The willow (Salix) collection is perhaps not the showiest of the Arboretum’s plant collections, but in late winter and early spring it provides vital rays of hope after a long cold season (okay, this winter has been pretty mild, but just think back to how you were feeling last March). Willows, which are primarily dioecious (male and female flowers are borne on separate plants), include some of the earliest bloomers at the Arboretum. Both the male and female flowers (which lack petals and sepals) occur in short, dense racemes known as catkins. Individual flowers are set on scales which, in some species, sport a thick fringe of silky hairs, most notably on male catkins.
Willow species with especially furry catkins are commonly called pussy willows. The most spectacular of these at the Arboretum is rosegold pussy willow (S. gracilistyla), an eastern Asian species with very large, silvery male catkins. Every year I look forward to their emergence on several specimens (690-75, 930-74) along Meadow Road; I and many other visitors can’t resist petting the catkins, which are indeed as soft as a kitten. Two specimens of a related species, black pussy willow [pdf] (S. gracilistyla var. melanostachys; 404-82, 71-98), grow nearby, but you’d never guess the relationship by looking at the catkins. Black pussy willow’s catkin scales lack silky hairs and are such a deep purple they appear black.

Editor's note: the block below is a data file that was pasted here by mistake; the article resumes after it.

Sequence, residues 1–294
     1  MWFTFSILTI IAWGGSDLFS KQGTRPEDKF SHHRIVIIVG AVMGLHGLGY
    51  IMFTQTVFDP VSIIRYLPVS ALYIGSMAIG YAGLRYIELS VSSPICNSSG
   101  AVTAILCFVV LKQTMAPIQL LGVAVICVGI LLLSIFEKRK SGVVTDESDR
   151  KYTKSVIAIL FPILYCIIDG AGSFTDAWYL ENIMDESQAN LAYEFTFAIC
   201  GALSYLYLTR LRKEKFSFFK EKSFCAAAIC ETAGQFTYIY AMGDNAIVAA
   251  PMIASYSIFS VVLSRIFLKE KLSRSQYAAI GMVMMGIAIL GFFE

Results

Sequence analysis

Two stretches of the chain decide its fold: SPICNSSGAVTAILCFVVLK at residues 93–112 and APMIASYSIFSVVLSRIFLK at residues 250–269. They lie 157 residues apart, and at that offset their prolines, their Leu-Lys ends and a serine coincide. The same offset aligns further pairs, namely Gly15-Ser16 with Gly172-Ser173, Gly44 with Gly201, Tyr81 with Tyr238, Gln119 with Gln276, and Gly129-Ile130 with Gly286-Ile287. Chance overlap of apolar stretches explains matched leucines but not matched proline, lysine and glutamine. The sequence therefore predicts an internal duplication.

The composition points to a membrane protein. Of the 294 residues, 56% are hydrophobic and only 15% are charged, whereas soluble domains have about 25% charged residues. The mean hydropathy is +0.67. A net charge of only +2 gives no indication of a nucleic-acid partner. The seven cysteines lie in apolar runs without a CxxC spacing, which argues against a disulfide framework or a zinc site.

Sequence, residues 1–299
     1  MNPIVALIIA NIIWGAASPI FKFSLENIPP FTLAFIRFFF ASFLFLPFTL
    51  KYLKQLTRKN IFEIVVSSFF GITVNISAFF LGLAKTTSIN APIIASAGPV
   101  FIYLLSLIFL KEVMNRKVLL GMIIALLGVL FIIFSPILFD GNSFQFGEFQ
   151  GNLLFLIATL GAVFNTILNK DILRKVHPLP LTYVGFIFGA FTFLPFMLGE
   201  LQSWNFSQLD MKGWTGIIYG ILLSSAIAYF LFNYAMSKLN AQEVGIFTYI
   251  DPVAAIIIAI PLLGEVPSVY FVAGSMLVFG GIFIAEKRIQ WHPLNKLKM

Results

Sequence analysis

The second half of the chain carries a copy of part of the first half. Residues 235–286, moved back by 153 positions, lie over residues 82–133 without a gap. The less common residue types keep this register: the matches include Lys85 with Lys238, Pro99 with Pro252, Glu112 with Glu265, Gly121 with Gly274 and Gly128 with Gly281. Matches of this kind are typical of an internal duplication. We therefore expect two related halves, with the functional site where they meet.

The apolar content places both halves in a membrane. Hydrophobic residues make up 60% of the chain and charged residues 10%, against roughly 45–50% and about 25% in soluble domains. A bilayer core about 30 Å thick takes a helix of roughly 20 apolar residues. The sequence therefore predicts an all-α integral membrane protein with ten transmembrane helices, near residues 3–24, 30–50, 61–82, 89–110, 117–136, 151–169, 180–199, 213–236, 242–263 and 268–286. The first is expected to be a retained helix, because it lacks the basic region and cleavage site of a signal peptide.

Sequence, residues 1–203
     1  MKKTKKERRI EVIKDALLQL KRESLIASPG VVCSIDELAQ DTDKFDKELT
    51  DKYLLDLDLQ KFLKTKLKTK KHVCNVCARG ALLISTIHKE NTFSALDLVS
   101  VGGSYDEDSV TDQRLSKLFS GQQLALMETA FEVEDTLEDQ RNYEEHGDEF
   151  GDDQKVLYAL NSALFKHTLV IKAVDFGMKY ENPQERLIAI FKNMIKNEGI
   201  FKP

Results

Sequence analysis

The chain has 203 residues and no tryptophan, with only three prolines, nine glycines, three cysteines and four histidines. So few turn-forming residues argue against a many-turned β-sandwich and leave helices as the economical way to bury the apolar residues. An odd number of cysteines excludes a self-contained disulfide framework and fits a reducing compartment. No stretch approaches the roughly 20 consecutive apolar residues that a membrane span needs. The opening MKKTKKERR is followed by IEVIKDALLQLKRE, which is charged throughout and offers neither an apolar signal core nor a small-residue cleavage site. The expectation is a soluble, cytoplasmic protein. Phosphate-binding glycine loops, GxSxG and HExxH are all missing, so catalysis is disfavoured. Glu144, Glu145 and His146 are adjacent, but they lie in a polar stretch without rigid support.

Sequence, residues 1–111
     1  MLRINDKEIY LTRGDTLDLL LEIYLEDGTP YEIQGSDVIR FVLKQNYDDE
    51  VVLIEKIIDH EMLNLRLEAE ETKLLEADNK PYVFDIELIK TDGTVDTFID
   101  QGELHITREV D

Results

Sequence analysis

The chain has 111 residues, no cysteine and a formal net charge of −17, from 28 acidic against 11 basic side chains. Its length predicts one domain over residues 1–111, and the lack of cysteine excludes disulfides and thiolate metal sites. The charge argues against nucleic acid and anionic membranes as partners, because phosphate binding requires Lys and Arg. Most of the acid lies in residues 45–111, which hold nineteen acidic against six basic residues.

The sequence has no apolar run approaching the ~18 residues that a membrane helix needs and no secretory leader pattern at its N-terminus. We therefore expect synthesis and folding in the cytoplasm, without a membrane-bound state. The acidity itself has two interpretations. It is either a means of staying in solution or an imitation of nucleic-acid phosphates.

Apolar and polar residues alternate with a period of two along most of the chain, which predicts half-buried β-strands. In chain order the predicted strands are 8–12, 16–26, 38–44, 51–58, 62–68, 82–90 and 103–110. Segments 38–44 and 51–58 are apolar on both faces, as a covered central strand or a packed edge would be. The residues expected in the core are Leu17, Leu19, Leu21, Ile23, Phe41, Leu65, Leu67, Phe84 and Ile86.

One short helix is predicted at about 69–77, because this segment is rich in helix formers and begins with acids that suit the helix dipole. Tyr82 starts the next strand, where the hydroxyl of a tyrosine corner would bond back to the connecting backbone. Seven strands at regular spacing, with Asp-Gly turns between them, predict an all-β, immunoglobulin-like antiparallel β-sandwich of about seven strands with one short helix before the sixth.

This year’s early warmth has already pushed many of the pussy willows through blooming, but the willow collection’s other post-winter treat — early leaf emergence — is on the way. Many willows leaf out well before most other tree species at the Arboretum (somewhat surprisingly, these same willows are often among the last to lose their leaves in autumn). The willow collection lies mainly in the moist soils in and around the Meadow area, and one of my favorite times each year is when the first haze of fresh, bright green emerges on the willows framing the Meadow. Though most other trees are still bare then, the willows prove that winter is over and a new growing season has arrived.
–Nancy Rose (originally posted March 14, 2016)